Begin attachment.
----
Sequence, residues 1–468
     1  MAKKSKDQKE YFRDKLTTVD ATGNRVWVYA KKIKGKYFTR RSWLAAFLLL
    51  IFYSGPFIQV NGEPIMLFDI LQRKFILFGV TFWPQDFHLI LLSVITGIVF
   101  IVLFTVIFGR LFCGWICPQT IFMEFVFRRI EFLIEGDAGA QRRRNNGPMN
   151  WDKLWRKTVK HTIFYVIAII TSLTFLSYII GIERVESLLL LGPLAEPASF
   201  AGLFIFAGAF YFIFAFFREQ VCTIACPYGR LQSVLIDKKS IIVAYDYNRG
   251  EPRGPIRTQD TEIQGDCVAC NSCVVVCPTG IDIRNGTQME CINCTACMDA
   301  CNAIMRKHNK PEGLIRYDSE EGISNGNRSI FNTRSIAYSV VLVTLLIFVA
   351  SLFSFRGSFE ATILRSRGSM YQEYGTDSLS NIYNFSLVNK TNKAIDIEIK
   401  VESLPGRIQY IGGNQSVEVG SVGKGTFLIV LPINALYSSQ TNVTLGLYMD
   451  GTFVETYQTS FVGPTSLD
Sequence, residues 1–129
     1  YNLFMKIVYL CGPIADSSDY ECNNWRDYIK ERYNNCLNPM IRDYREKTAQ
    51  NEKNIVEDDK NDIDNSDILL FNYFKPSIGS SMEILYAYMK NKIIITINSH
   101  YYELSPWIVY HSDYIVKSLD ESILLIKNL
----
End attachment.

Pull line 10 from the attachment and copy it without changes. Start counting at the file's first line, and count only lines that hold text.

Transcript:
   401  VESLPGRIQY IGGNQSVEVG SVGKGTFLIV LPINALYSSQ TNVTLGLYMD